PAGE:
Cameras and councils: Can video stifle citizens?

By Bobby Bryant, Editor, editor@newsandpress.net

Darlington City Council meets in the courtroom at City Hall.

It’s not the greatest arrangement if you’re shooting video of the meeting, because six council members sit lined up in a row and the seventh, Mayor Gloria Hines, sits farther back and higher up at what would be the judge’s bench.

Anna DeWitt positions her video camera at the far left side of the courtroom for the best angle on all the council members. DeWitt is a member of the Darlington Rescue Squad who decided some time back to “attend and record as many public meetings as I am able,” as she notes on her Facebook page, Darlington Public Meetings.

“I know that with today’s busy lifestyle, it is hard to attend meetings, which makes it impossible to stay informed,” DeWitt says on the Facebook page. “ . . . I, along with friends who fill in when I am at work, will record the meetings so that you may watch them at your (convenience). Problem solved; now it is up to you to take advantage of this opportunity. Knowledge = Power.”

So DeWitt has been shooting video when City Council convenes, normally the first Tuesday of the month. On Nov. 13 – an oddball meeting date because of the elections – DeWitt briefly became the subject of her own videos.

The issue went like this: City Council member Sheila Baccus had barred DeWitt from a recent weekend meeting of Ward 1 constituents – a meeting that DeWitt and others said had been billed as open to everyone. Why keep her out? Because, Baccus said, DeWitt wasn’t a Ward 1 constituent. And at the Nov. 13 City Council meeting, Baccus added that her constituents “did not want to be on YouTube; they did not want to be on Facebook.”

At the same council meeting, Darlington resident Gladys Wingate Jules, in remarks to council, criticized DeWitt: “To have someone come in to try to record a community meeting, to me, that lets the other citizens know, ‘I shouldn’t talk. I shouldn’t say anything.’”

So now we finally get to the point of this piece, and I apologize for taking so long to get there: Can shooting video at public meetings – whether a community meeting like Baccus’ or a regularly scheduled meeting of a full city or county council — throw cold water on the public’s willingness to speak out at those meetings?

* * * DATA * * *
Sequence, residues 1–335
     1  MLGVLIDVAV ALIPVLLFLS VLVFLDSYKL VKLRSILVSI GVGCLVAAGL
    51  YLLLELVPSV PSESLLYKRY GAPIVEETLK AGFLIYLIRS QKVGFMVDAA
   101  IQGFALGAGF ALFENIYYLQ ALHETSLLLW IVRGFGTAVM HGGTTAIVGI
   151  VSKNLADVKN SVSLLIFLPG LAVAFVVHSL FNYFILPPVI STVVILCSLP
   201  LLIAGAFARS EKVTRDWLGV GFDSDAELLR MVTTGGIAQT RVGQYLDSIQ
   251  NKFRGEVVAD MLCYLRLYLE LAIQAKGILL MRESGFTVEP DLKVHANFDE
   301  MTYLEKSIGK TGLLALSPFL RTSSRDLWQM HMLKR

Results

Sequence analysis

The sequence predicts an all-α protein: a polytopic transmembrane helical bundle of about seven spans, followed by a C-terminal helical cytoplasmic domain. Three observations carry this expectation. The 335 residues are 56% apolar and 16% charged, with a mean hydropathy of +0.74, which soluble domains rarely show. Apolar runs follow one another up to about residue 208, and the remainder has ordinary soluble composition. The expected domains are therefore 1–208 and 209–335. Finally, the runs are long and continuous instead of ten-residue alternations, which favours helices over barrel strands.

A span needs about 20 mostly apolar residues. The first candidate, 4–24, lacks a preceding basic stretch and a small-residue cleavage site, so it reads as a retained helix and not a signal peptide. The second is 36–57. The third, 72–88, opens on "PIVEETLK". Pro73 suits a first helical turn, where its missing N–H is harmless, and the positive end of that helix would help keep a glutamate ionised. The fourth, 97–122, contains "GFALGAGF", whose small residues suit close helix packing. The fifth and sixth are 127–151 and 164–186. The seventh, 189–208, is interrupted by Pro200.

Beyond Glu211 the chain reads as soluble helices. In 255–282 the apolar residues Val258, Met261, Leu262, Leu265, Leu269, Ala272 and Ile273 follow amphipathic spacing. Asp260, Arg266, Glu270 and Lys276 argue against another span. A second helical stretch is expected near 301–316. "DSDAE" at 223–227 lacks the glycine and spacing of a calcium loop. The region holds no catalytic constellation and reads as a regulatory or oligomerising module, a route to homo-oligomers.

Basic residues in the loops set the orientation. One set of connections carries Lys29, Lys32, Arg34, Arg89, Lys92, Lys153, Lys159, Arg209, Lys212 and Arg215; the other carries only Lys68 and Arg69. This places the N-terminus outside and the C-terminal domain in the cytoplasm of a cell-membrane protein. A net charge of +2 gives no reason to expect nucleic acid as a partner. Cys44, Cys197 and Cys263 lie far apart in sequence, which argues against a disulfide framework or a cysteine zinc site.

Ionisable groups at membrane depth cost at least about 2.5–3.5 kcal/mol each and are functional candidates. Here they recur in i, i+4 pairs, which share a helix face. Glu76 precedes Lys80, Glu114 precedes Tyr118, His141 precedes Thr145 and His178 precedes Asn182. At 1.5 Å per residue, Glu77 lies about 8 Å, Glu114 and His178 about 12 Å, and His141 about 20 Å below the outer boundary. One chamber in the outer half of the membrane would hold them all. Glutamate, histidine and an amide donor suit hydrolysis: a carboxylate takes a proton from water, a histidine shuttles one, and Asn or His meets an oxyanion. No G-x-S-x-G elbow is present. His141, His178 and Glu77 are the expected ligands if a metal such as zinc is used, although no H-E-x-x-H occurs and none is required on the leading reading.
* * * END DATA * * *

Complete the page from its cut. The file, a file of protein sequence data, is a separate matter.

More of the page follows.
It’s possible, says Bill Rogers, executive director of the S.C. Press Association, but he says it’s not much of an issue when weighed against the public’s right to know what governing bodies are doing.

Rogers felt that Baccus’ community meeting was a gray area he couldn’t really judge. But as a rule, “Recording a public meeting is a good thing,” says Rogers. “At a public meeting, there’s no expectation of privacy. Unfortunately, it might make some people not want to speak out. . . . I’m sure there are people out there who don’t want to be on video . . . but people are making videos all the time.”

TV stations routinely park video cameras at public meetings and nobody seems to mind. It’s unlikely that younger people attending public meetings would even notice a small video camera, let alone be intimidated; everyone’s shooting cellphone video of everything and zapping it to Facebook, YouTube or their personal blogs. Video is mother’s milk to anyone under 50.

But older residents … ? Could they feel, as Jules put it, “I shouldn’t talk. I shouldn’t say anything”?

The Press Association’s Rogers won’t rule out that possibility, but again, he says it’s a question of balance. “Anytime you can make government more accessible, that’s a good thing. The more people who can see what’s going on in a meeting, the better it is.”

Author: Rachel Howell

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